Skip to main content Skip to search Skip to header Skip to footer


From the January 1917 issue of The Christian Science Journal

The human mind is prone to look upon some of the seeming wonders of material things as more or less spiritual in their nature. Among such things may be named the unfolding flower, the developing child, and the attraction which apparently controls stellar activity. The human sense catches glimpses of spiritual truth and sometimes sees in the phenomena of matter a higher meaning, but the claim of existence which depends for its support upon matter, so called, has no other than a material nature. On page 124 of Science and Health Mrs. Eddy states: "We tread on forces. Withdraw them, and creation must collapse."

The unseen forces which produce or tend to produce changes in the motion of material bodies may be confused with spiritual power. Familiar to all is the force known as gravity, which is the attraction or pull between two or more material bodies. Does the existence of this force depend upon these material bodies? The answer to this question would seem to be evident if we imagine what would happen to the moon if the earth were suddenly blotted out of existence. Being no longer held to an elliptical orbit by the attraction of the earth, it would dive off into space until its mad career was arrested by some other body large enough to claim its allegiance as a satellite, or until it settled down to a life of wandering as a member of the company of comets or lost its individual existence by collision with another body.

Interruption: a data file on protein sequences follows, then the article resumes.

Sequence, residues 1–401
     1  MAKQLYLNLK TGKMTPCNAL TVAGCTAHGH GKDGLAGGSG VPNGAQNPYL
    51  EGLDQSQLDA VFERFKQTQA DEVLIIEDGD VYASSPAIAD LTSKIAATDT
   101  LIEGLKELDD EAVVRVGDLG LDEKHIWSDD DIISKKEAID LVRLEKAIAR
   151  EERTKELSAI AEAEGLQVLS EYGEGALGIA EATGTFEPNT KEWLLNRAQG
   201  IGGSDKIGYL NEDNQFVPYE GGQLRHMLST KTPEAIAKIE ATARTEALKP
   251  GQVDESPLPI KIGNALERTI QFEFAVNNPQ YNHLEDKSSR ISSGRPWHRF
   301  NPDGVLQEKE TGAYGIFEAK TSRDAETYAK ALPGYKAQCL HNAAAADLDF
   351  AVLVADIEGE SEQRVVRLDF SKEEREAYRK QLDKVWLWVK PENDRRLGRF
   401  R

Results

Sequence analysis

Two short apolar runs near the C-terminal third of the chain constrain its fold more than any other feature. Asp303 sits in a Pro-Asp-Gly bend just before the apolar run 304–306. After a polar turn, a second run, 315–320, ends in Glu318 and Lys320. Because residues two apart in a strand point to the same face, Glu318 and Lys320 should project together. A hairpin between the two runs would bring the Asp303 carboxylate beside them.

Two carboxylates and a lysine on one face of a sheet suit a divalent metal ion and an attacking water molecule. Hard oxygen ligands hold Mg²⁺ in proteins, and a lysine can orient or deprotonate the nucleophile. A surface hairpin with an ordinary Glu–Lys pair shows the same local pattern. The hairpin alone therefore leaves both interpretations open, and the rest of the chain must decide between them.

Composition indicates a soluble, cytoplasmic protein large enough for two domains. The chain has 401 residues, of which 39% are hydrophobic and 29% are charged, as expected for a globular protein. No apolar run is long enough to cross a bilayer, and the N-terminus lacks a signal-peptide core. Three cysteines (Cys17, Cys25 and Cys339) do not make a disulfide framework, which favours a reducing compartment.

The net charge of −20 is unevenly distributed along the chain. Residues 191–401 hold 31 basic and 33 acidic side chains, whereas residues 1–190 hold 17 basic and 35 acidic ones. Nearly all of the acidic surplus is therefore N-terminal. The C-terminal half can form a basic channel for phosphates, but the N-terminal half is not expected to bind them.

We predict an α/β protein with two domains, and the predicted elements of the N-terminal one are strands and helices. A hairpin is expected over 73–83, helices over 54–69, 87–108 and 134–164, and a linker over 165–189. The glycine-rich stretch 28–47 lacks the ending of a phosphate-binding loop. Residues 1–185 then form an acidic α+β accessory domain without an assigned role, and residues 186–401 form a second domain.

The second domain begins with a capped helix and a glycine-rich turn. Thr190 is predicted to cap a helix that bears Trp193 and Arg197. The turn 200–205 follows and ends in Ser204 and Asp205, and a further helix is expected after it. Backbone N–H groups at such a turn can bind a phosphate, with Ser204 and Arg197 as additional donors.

But innumerable experiences close at home show the intimate association between the force of gravity and mass or the amount of matter contained in bodies. The merchant makes use of gravity in weighing goods; if it were not for its presence rain would not fall, nor would oceans be held to their bounds. The widespread presence of gravity enables the astronomer to "weigh" not only the planets but also the stars so far distant from the earth that the light traveling from them reaches us in many cases only after the lapse of centuries. The accuracy of these measurements is recognized in the precision with which eclipses and transits are predicted. We would therefore conclude that this force, which is dependent upon matter for its existence and which is used to weigh matter, is material in its nature.

Sign up for unlimited access

You've accessed 1 piece of free Journal content


Subscription aid available

 Try free

No card required

More In This Issue / January 1917


Explore Concord—see where it takes you.

Search the Bible and Science and Health with Key to the Scriptures